TUCSON, Ariz. -- Now that Texas Instruments Inc. has completed its $7.6 billion acquisition of Burr-Brown Corp., the real tricky part of M&A has begun--merger.
Top TI officials, meeting here on Wednesday with Burr-Brown employees and the press, promise to take a steady-but-not-hurried pace in merging the venerable analog chip supplier into Texas Instruments. In doing so, TI managers said the Dallas-based chip maker will put customer requirements ahead of merger activities, and it will consider upgrading Burr-Brown's aging 4-inch wafer fab in Tucson, while maintaining existing foundry agreements struck by the analog company.
To help insure that the merger goes smoothly for everyone, Burr-Brown president and CEO Syrus Madavi said he will stay with the organization for at least six months and will be entirely focused on maintaining market momentum. After that, Madavi said he will explore options.
Both Madavi and TI managers re-emphasized what they said is a snug fit of the two companies. TI claims it has taken the No. 1 spot in analog chip sales by taking market share in high-volume, building-block products. TI has placed a deal of analog and mixed-signal emphasis on the company's major customers in digital signal processors (DSPs).
Meanwhile, 44-year-old Burr-Brown has 25,000 customers worldwide, and it has worked hard to develop high-performance data converters as well as operational amplifers that TI needs, said managers in interviews with SBN.
"Bringing the businesses together will suddenly give TI access to 25,000 customers, who initially want standard products for their first-generation systems," explained Madavi, who was also chairman of Burr-Brown prior to the completion of the acquisition last week. "And as time goes on and the systems are proven in the marketplace, customers will want to go with application-specific standard products vs. the catalog standard products they are getting from Burr-Brown," he added.
TI's hope is to use the Burr-Brown acquisition to tap a broader range of customers for integrated mixed-signal and analog products as well as its DSP chips, said Dan Reynolds, vice president of advanced analog products at the Dallas-based company. In addition, TI aims to introduce its product portfolio to Burr-Brown customers, he added.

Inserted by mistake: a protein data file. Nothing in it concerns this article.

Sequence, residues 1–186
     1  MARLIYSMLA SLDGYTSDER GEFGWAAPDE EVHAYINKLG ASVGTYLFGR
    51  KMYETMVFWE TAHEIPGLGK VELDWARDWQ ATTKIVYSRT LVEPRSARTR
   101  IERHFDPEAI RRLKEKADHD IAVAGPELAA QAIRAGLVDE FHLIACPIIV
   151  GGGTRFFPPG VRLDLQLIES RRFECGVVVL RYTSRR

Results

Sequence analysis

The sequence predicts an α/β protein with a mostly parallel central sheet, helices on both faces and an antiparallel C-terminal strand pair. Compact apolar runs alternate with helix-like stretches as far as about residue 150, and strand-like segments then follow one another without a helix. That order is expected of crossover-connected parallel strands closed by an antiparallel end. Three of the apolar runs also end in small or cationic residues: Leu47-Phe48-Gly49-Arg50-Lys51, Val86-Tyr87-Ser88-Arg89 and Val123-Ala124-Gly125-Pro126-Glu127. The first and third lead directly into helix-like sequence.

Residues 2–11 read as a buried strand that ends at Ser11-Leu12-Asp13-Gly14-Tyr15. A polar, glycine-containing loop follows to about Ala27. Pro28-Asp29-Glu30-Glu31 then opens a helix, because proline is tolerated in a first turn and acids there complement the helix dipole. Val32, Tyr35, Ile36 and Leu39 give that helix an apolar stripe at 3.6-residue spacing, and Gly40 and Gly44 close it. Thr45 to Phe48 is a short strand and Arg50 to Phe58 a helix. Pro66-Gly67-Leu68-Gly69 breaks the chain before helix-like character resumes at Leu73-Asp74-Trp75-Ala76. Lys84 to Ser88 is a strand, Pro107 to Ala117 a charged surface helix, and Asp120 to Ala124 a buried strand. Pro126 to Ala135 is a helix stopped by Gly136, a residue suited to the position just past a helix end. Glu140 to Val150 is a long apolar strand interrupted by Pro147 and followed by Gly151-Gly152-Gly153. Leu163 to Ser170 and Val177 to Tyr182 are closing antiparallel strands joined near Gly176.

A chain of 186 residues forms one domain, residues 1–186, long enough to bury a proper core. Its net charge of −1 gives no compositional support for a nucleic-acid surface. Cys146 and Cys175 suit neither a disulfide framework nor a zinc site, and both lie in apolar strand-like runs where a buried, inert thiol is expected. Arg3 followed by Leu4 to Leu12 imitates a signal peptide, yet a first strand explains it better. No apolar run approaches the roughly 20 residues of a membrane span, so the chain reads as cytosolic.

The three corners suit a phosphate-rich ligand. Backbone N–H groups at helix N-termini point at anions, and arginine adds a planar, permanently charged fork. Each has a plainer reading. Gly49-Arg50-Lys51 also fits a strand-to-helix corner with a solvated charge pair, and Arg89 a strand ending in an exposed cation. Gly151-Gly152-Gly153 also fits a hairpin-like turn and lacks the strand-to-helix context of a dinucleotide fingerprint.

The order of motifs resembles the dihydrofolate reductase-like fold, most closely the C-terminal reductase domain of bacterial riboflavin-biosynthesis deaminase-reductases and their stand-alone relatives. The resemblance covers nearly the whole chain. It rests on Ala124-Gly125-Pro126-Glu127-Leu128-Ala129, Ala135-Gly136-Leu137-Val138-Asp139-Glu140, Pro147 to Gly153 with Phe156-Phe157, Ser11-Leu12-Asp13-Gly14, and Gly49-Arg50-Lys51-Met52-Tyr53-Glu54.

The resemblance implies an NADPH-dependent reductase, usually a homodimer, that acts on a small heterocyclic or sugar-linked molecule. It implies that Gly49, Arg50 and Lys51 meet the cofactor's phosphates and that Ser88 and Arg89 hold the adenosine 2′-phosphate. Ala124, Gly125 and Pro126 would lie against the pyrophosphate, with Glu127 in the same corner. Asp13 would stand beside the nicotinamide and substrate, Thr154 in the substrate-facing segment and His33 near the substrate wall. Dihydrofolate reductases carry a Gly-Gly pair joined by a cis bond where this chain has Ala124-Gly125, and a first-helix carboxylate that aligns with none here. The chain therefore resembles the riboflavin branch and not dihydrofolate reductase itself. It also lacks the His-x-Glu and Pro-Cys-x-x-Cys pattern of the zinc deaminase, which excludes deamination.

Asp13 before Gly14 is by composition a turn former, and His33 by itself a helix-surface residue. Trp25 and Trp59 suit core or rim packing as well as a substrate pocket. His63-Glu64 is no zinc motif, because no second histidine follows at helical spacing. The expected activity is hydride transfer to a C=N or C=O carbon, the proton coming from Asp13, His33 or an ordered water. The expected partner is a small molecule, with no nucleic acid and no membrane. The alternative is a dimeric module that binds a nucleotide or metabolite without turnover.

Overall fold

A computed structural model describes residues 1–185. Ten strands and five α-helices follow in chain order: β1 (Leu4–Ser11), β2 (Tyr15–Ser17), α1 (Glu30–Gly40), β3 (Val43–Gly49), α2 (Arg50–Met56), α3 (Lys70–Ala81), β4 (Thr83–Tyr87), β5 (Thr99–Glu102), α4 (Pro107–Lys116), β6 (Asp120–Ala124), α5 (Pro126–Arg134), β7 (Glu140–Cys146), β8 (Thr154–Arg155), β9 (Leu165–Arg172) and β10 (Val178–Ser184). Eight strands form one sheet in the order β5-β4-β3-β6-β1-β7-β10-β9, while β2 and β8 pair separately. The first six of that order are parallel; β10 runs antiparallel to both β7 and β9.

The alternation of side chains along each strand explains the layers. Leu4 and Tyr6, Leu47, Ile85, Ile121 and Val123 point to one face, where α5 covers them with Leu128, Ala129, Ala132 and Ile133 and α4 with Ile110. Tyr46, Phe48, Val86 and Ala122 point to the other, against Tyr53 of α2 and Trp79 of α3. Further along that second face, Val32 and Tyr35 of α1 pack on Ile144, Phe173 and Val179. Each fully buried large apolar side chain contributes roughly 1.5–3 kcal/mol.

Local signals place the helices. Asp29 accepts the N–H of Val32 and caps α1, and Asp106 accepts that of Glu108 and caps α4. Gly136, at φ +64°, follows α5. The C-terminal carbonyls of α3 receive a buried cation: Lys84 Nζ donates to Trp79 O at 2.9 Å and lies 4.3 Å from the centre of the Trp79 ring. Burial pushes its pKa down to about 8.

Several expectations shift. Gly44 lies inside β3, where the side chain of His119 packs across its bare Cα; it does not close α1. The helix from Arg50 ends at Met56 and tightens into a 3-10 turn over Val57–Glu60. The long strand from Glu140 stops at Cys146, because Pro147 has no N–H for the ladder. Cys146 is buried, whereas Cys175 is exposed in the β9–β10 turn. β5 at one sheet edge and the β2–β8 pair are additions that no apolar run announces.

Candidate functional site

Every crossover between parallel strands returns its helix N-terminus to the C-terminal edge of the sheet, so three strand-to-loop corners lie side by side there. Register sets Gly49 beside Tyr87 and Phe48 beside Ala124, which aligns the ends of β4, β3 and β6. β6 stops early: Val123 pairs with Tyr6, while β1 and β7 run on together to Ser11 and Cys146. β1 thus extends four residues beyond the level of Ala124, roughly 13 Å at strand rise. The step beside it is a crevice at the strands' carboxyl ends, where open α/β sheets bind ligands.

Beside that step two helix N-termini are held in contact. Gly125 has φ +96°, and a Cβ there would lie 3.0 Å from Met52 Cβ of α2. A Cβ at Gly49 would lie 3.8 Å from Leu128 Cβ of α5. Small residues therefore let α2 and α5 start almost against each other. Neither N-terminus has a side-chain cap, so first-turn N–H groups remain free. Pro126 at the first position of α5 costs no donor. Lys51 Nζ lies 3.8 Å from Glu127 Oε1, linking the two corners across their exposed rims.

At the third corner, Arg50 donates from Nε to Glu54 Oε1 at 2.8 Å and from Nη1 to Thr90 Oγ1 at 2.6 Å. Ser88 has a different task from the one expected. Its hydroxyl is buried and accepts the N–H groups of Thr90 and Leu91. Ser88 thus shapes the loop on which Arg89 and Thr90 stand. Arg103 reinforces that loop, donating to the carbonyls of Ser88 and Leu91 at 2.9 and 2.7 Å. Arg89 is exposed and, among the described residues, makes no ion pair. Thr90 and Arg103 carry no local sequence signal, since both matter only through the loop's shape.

"Now that we have finished the close of the transaction, we are entering the integration phase," Reynolds told SBN. "Syrus and I are 'mapped' into a team that is working those issues now." Reynolds said the merger process could continue into next year.
"We are impressed with their capabilities in core converters and high-speed amplifiers. And we will advantage of that and will probably drive more of the product focus for those types of semiconductors out of the Tucson operation," said Reynonds, when asked about TI's plans for the southern Arizona facility.
At the time of the acquisition, Burr-Brown had 1,500 employees worldwide with about 1,200 in North America. Its revenues totaled $291.4 million in 1999 with a net income of $45.7 million.
Madavi said the Burr-Brown operation is considering a 6-inch wafer fab upgrade to its existing 4-inch frontend in Tucson. The fab is now used to produce Burr-Brown devices with 1 micron and above feature sizes as well as with a variety of analog/mixed-signal processes. The company has relied on outside foundries to make advanced products with feature sizes below 1 micron.
TI has opted to build its own capacity for ICs rather than outsourcing larger percentages to third-party foundries. However, the Dallas company has no immediate plans to move Burr-Brown's products from silicon foundries to its own wafer fabs, assured Reynolds.
"For the short term--the next one to two years--there will probably be little impact on the manufacturing direction for Burr-Brown," explained the TI vice president. "The Tuscon fab will continue to be loaded and utilized, and the Burr-Brown product line will continue to utilize the foundry relationships and subcontract assembly relationships."
But TI does intend to introduce it own analog and mixed-signal process technologies to Burr-Brown chip designers soon. "Over time we will see those new product flow into TI fabs," Reynolds predicted.
On Nov. 1, TI plans to launch a unified sales system, which will handle both its existing products and the acquired Burr-Brown portfolio, said Alun Roberts, director of marketing for advanced analog at TI. At that time, the sales staffs of Burr-Brown and TI will be able to handle products across the entire company for customers, he said.
TI's analog field support is also growing as a result of the merger. "With the combination, we will have 77 field-deployed application engineers. That's more than any other analog supplier," said Robert, who estimates that the next closer competitor has about 55 or 60 application engineers in the field. "We are also accelerating tool development for customers," he added.